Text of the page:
2003 seemed to be another year of course changes for the D.C.-based Children’s Defense Fund (CDF), headed by Marian Wright Edelman, with scores of policy veterans leaving, some of them involuntarily.
No surprise, then, that the communicators of the old mission have moved on. Former spokesman Toby Chaudhuri, a 27-year-old prodigy in the Democrat’s media machine, now heads media strategy for the Campaign for America’s Future. While mounting an attack on U.S. Education Secretary Roderick Paige for his comments equating teachers’ unions to terrorist organizations, Chaudhuri lured away former CDF senior program assistant Andrea Miller from his former boss. Contact: Campaign (202) 955-5606, mailto:www.ourfuture.org; CDF (202) 628-8787, ww.childrensdefense.org.
The Network for Good, a three-year-old nonprofit dedicated to harnessing the Internet as a medium for attracting donors and volunteers, hired Bill Strathmann as CEO. He comes to the Vienna, Va.-based organization, whose name sounds like a legion of comic-book heroes, from a senior management position with international consulting firm BearingPoint. The Network was founded as a partnership of AOL Time Warner Foundation, Cisco Systems, and Yahoo! Ken Weber, who has been serving as president and CEO, will remain president. (See story about the network and Internet fund raising for nonprofits, this month.) Contact: (703) 265-2771, mailto:www.networkforgood.org.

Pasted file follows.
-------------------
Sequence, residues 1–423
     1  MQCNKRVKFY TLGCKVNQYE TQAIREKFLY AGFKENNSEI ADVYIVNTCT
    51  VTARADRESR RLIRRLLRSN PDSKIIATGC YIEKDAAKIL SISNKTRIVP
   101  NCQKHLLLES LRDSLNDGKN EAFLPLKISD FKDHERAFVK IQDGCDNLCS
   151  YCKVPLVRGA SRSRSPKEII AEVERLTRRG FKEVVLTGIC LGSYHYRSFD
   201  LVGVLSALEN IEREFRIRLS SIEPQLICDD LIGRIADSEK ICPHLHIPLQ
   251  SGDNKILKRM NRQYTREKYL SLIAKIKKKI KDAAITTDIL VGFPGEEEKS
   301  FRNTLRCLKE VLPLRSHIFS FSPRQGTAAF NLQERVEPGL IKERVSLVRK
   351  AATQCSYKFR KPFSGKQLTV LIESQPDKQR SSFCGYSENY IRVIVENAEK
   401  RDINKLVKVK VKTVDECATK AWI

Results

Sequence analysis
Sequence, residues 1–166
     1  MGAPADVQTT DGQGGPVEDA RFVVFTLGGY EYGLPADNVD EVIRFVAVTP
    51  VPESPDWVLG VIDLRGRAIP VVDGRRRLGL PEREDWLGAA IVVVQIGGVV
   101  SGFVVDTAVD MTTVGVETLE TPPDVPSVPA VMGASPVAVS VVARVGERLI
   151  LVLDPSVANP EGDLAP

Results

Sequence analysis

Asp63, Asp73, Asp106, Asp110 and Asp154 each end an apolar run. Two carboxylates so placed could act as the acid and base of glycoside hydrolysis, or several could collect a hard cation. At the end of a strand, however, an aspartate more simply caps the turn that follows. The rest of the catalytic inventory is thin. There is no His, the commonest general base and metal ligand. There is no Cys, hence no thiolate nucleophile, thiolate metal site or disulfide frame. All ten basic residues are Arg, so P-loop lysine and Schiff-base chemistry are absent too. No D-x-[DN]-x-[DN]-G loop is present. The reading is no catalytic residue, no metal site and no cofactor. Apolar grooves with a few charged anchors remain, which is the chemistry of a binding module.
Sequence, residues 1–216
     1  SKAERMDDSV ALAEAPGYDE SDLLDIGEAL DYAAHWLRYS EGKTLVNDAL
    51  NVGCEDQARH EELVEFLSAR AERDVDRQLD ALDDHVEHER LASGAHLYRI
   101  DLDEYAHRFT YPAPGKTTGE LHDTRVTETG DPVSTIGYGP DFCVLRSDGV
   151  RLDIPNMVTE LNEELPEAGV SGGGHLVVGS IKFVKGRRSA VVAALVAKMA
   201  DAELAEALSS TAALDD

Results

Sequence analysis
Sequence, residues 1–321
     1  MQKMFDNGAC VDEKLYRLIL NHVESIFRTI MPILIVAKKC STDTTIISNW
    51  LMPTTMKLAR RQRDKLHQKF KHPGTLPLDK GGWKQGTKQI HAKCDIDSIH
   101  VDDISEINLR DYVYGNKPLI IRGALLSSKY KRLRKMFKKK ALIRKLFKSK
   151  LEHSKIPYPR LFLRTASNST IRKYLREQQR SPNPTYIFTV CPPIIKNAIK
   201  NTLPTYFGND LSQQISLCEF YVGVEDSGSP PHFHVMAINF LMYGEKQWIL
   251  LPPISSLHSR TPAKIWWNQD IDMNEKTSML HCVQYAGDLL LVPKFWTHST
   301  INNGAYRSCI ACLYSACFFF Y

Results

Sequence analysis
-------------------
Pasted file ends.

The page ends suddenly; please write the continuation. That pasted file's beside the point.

The Partnership for a Drug-Free America (PDFA), a coalition of communications industry professionals, hired Bill McDonough to head the department at the center of its mission: consumer marketing. McDonough will serve as the primary liaison between the New York-based agency and the White House Office of National Drug Control Policy (ONDCP).
The nonprofit, with an annual budget of $10 million, works with advertising agencies to develop commercials for ONDCP’s National Youth Anti-Drug Media Campaign. ONDCP then contracts with other firms to buy the ad space for those commercials.
Speaking of ONDCP: Dari Davis, a longtime senior staff member in the prevention division of the demand reduction office, resigned in May. Contact: ONDCP (202) 395-6618, mailto:www.whitehousedrugpolicy.gov; PDFA (212) 922-1560, mailto:www.drugfreeamerica.org.
The New York-based William T. Grant Foundation (assets: $240 million) named New York University professor Edward Seidman its senior vice president of programs. Seidman coordinated the community psychology program at NYU, and before that was dean of the research, demonstration and policy division at the Bank Street College of Education, a highly regarded New York teachers’ school. The Grant Foundation invests in research and “evidence-based” programs that seek to develop the field of youth work. Contact: (212) 752-0071, www.wtgrantfoundation.org.